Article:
The first, Morning Waters, was a sunrise taken from the beach. The second, The End, was taken looking from Emerald Isle across Bogue Sound.

Since living in the area is almost as nice as the Southern Outer Banks pictures are beautiful, it isn't too much of a jump to selling property in the area as a Realtor®.

I really think this is a great area to live. It is easy to sell something you believe in unless you are trying to do it on city-data forum and you have anything to do with real estate.

I started blogging in late 2004 and have a tremendous number of posts about areas and things that have absolutely nothing to do with selling real estate.

While my Realtor® site and my ActiveRain site are definitely about selling real estate, it is really hard to argue that the first page of my Southern Outer Banks site has much to do with selling property. I might be promoting an area, but I am not doing much selling real estate or talking about my services as a Realtor® on a page with steamed crabs.

Today I got banned again from city-data forum for linking to my current Southern Outer Banks site and its Crab Feast article.

At the same time city-data forum is full of Google real estate ads. I am pretty sure that the city data forum folks have a special deal with Google to serve up members of the forum only to Google's paying customers.

I was very careful not to link to my Realtor® site while posting at city data forum and as you can expect I wasn't doing a whole of lots of selling my services as a real estate agent on a post about fried clams.

I may spend a lot of effort selling the area we live in, but that is not the same as being a real estate agent. City data forum must be making so much money for Google placements that they can't afford to have the chance that any forum members might wander across agents other than the ones that advertise on Google.

My latest site is about restaurants on the Crystal Coast. My guess is that the monitors at City Data forum would classify it as real estate site.

Monday, May 14, 2007

What I miss on the coast

There is not much that I miss on the coast or I would not be creating websites with titles like "Coastal Paradise."

I do miss some of the unbelievable lush green colors that we see in mountain valleys of Virginia.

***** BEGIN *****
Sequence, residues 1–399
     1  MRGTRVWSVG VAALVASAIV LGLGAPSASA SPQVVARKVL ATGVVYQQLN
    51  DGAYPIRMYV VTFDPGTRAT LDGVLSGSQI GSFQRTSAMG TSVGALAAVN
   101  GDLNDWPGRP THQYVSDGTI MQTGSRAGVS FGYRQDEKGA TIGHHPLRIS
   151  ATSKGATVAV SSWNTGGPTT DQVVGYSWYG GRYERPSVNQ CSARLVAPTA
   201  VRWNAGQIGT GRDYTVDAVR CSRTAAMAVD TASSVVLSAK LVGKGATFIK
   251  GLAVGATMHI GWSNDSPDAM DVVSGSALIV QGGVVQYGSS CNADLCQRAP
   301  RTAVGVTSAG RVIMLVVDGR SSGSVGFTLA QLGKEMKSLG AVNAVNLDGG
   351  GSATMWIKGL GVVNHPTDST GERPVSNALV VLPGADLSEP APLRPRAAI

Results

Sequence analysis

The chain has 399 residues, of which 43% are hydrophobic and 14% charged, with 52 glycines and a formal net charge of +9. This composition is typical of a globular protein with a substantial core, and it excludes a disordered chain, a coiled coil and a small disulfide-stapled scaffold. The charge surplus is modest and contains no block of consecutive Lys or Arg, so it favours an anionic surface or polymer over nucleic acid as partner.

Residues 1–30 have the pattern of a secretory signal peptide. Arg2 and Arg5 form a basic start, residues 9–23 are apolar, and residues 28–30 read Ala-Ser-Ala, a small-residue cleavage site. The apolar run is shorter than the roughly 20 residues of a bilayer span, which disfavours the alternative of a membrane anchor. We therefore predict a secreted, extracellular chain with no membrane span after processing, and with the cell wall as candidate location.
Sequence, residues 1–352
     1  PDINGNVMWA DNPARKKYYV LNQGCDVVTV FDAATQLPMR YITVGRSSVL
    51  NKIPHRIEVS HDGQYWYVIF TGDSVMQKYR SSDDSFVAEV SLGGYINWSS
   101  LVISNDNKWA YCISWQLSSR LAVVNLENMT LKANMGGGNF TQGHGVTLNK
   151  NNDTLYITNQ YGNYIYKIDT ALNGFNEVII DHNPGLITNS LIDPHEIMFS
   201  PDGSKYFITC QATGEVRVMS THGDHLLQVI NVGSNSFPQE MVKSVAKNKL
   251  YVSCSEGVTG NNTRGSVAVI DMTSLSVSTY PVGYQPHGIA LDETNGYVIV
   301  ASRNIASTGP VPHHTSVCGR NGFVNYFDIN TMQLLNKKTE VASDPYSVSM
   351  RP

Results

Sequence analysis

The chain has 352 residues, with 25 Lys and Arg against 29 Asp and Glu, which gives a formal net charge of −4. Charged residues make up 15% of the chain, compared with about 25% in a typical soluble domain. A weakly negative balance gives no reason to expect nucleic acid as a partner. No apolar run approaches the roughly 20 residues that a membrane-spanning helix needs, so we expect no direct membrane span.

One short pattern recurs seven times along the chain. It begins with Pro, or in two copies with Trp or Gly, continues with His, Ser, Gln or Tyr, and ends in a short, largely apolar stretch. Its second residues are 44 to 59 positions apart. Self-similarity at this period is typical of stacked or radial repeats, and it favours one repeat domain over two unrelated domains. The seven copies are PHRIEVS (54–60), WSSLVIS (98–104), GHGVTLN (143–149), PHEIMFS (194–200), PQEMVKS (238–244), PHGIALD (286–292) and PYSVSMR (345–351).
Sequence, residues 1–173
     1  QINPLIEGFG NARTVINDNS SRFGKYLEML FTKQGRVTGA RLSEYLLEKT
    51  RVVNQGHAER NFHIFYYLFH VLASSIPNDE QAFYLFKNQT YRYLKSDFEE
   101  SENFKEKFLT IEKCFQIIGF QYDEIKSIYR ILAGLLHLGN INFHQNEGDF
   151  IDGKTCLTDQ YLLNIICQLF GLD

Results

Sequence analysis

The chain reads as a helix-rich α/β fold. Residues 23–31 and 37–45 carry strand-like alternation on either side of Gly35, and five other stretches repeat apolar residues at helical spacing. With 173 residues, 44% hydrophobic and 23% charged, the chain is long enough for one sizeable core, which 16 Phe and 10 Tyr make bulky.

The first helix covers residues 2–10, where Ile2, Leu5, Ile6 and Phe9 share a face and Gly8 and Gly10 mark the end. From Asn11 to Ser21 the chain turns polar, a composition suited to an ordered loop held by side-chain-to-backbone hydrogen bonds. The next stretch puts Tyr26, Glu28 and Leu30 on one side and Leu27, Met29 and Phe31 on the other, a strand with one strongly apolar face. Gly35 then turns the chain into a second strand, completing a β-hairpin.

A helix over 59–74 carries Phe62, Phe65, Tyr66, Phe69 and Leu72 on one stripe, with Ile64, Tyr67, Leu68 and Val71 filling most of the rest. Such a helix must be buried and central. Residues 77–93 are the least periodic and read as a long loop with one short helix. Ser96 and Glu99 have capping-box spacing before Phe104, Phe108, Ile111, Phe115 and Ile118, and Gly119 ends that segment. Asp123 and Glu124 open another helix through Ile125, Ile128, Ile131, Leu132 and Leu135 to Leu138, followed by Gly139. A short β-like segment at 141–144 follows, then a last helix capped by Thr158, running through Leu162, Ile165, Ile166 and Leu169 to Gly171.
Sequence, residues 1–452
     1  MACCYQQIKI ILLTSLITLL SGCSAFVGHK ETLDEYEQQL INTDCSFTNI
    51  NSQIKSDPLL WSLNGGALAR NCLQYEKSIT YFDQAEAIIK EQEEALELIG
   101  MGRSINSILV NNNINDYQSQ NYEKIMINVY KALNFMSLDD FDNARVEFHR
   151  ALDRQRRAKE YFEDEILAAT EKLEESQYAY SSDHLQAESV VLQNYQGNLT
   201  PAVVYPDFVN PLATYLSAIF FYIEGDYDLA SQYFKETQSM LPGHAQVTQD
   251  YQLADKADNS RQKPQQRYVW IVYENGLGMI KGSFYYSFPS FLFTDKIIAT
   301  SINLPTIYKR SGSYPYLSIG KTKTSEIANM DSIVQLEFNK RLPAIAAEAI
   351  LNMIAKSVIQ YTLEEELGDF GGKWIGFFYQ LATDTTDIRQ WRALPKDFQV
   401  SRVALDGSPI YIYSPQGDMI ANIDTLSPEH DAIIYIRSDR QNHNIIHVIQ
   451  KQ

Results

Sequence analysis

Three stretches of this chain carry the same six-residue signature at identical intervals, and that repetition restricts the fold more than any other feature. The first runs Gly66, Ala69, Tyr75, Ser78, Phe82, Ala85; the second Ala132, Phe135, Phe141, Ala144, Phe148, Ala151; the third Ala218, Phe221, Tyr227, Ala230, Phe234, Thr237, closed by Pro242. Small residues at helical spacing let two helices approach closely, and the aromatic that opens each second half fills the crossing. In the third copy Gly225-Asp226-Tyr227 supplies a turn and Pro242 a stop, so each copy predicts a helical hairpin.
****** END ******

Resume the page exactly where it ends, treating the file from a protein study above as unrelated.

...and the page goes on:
It is the closest green that I have seen to that of summertime in Nova Scotia and the Canadian Maritimes which I believe are the greenest spots on earth.

Even trips to New Zealand and Ireland with their fabled green have not persuaded me to back down.

The beaches of Emerald Isle in North Carolina cannot hold a candle to the green of the mountains this time of year. Of course, they have other attractions that keep me happy most of the time.

At the coast I also miss the hundreds of beautiful Irises that adorn many of the garden's in the interior of North Carolina and Virginia.

In New Brunswick and Nova Scotia, the Irises would grow in the damp spots in the pastures.

We have lots of beauty on the coast, so I guess it is only fair that we save some of nature's spectacular decorations for the hills and mountains.

I had hoped to have more regular posts here at Ocracoke Waves, but I have been doing some all-consuming web work that has slowed me down.

My site and my Coastal Real Estate site have been completely redone after many hours of work.

My goal was to create a better user experience and make the information easier to find.

You can see some of the results of my work in the clickable buttons to my sites that are now in this blog's side panel.

I would love to hear any feedback. You can click here to email comments to me.

I have also started a real estate newsletter about coastal property which I will t try to do once a quarter, The first one is available for viewing and if you would like to subscribe, this link will get you to the form.

I have also chosen the Reston Backfence Online community for my first online ad. I will be interested to see what the response is.

Sunday, May 06, 2007

Fear of salespeople

I am wondering if it is a particularly American thing to be reluctant to talk to salespeople. I will admit to visiting car dealerships only on Sundays until I am ready to engage in the battle of wits.

I wrote about auto buying in America in the "That peculiarly American dance, the auto two-step." Still I like talking to good salespeople who know their products.

That's probably the reason that I avoid many of the big box sales people in electronics stores since it is so rare that they know their products. There are exceptions to the rules as I found in my purchase of one of the HP all-in-one printer, scanner, copiers.